LOS ANGELES -- The Chicago Bears' hopes of reaching the playoffs in back-to-back years all but vanished on Sunday night in the warm Southern California air.
Neither team that took the field at the Los Angeles Memorial Coliseum looked playoff worthy, but the Bears’ 17-7 loss to the Los Angeles Rams puts coach Matt Nagy’s team in the most precarious of positions.
At 4-6, the Bears aren’t even in shouting distance of NFC North division leader Green Bay (8-2). And barring something totally unforeseen, San Francisco (9-1) and Seattle (8-2) are both playoff bound.
That leaves one wild-card spot open -- it is currently occupied by the Vikings, who improved to 8-3 with their come-from-behind win over the Broncos.
The Bears beat Minnesota at Soldier Field back in late September, but that feels like ages ago.
Chicago simply can’t sustain success. The Bears haven’t made the playoffs in consecutive years since 2005-06.
Old habits die hard.
Troubling trend: The Bears have a full-blown kicker crisis, again. Eddy Pineiro had a better-than-expected September and October, but Pineiro’s job appears to be in jeopardy after he missed a pair of first-half field goals (47 and 48 yards) on Sunday night. For an offense that has struggled to score points all year, Pineiro’s misses devastated the Bears, who ran 41 offensive plays in the opening 30 minutes, yet went to the halftime locker room with zero points.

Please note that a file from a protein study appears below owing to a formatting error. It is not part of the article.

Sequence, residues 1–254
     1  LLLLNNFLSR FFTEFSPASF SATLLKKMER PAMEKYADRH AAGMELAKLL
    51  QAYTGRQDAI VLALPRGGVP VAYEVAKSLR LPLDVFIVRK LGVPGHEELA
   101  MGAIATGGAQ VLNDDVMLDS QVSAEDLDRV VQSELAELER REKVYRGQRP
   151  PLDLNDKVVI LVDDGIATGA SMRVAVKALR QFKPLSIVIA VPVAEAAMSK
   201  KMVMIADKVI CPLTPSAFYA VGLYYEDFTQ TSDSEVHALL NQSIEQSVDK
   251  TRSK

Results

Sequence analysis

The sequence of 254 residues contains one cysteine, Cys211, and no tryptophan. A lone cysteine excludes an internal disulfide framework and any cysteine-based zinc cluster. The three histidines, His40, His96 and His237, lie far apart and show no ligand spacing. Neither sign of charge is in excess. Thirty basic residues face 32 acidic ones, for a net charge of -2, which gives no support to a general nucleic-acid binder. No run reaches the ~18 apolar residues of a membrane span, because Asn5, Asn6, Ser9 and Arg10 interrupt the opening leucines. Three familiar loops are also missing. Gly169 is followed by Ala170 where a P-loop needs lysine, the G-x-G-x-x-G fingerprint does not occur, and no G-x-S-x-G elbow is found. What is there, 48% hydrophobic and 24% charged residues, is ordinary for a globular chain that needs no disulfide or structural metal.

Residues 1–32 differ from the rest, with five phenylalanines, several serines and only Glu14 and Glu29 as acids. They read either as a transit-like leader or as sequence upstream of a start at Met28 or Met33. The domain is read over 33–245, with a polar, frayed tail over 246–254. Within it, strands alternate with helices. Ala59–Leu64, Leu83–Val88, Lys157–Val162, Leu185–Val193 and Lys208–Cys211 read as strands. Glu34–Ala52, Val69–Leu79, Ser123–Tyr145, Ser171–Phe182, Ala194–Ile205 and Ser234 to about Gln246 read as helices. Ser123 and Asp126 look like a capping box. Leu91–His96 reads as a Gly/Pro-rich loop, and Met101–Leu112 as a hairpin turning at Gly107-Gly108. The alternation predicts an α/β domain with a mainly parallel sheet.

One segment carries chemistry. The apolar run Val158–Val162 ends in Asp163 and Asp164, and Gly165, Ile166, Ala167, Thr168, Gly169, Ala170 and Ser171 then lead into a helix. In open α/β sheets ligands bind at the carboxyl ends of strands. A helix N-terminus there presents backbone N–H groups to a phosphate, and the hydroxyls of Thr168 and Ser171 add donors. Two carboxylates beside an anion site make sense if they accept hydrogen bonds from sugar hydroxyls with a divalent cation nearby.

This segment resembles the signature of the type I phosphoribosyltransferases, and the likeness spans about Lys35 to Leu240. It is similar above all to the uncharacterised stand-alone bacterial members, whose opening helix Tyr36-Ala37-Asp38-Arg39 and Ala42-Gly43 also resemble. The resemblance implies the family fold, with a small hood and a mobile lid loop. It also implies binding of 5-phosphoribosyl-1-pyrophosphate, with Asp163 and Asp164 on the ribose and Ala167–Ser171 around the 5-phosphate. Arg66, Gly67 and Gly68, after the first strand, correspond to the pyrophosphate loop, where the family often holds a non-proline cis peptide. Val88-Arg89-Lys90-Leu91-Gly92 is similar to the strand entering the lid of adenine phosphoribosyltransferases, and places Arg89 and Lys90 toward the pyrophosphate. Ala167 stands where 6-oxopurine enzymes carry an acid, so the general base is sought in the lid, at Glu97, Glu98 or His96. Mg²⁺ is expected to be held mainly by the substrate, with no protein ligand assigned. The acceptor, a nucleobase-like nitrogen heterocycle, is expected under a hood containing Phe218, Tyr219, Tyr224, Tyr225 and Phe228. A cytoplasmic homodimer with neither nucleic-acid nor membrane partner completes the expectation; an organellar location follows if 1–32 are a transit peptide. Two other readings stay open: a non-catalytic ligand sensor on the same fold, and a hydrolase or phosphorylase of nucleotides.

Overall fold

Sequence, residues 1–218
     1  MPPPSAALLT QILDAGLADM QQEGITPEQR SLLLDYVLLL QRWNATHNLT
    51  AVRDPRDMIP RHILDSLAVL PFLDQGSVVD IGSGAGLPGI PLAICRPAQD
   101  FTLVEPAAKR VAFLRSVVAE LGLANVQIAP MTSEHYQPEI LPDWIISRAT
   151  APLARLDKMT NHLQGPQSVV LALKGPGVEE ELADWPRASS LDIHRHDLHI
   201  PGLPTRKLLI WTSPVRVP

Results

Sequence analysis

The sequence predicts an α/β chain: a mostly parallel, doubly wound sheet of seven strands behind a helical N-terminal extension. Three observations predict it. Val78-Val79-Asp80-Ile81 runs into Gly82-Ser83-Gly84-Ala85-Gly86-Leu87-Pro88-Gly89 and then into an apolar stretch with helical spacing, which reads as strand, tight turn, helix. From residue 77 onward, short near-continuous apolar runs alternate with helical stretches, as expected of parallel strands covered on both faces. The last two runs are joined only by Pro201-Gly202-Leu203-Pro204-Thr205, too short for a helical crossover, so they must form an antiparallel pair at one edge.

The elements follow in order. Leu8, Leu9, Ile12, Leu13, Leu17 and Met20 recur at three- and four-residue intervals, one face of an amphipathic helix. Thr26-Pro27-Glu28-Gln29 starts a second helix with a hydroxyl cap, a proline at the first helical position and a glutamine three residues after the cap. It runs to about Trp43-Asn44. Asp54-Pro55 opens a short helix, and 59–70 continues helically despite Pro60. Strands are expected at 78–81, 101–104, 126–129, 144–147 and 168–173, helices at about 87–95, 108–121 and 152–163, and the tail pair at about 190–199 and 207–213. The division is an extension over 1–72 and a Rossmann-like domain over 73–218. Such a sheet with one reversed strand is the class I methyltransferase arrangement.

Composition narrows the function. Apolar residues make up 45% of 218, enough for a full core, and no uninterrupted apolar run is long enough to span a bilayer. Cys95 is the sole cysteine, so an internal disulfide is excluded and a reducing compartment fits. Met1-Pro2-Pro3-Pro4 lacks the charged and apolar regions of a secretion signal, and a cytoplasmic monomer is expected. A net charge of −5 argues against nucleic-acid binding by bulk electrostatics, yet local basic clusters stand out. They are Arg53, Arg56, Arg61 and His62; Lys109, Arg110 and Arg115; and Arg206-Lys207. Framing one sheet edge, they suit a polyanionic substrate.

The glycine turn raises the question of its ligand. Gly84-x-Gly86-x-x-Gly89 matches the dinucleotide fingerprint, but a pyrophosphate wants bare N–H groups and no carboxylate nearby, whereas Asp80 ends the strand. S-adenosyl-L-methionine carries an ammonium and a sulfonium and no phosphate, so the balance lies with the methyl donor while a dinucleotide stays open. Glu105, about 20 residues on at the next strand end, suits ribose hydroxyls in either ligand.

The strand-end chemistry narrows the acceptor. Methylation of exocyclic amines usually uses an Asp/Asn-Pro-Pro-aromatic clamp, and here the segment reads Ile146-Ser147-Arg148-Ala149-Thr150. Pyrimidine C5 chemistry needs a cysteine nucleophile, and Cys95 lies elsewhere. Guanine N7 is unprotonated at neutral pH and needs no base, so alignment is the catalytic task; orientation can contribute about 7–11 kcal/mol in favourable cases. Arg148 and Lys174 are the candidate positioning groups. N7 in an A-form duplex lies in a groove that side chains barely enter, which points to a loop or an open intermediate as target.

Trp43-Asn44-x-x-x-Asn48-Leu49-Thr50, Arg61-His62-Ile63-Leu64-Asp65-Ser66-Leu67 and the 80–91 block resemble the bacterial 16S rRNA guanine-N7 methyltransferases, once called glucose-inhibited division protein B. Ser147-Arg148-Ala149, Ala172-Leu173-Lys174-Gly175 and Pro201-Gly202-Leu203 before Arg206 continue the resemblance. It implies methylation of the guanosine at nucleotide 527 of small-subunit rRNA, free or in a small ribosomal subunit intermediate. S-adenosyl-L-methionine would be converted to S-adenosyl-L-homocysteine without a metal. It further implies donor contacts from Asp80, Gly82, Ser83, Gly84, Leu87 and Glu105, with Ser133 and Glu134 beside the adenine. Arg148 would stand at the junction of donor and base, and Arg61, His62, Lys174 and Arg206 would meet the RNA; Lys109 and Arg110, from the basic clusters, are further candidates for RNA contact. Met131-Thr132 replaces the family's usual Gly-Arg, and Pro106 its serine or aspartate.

Following Pineiro’s first miss of the night, Nagy opted to go for it on fourth-and-9 instead of letting Pineiro attempt a 49-yard field goal. Can you blame Nagy?
Pineiro has made three of his past seven field goal tries and also botched an extra-point kick in Week 10. The Bears spent the entire offseason searching for a kicker before they settled on Pineiro. At the very least, the Bears need to have kicker tryouts at Halas Hall on Tuesday.
QB breakdown: Mitchell Trubisky led the Bears on arguably their most impressive drive of the season, which ended with a 14-yard touchdown pass to Tarik Cohen. Trubisky was 24-of-43 for 190 yards, one touchdown and one interception (65.1 quarterback rating) before leaving the game because of a hip injury. Veteran backup Chase Daniel came in in relief.
You can make the case Trubisky outplayed counterpart Jared Goff, but that isn’t saying much. The only positive is that the Bears haven’t paid Trubisky. And they probably never will.
Pivotal play: Trubisky’s interception to Troy Hill in the second quarter. On second-and-10 on the Bears' 46-yard line, Trubisky uncorked a throw to the far left sideline intended for Anthony Miller. But Miller initiated contact with Hill and stopped his route. Trubisky’s pass sailed to the right of Miller, who batted the ball up in the air, and Hill intercepted it. Two plays later, Goff hit Cooper Kupp on a 51-yard pass that set up a Los Angeles touchdown. The Bears never got closer than three points after that.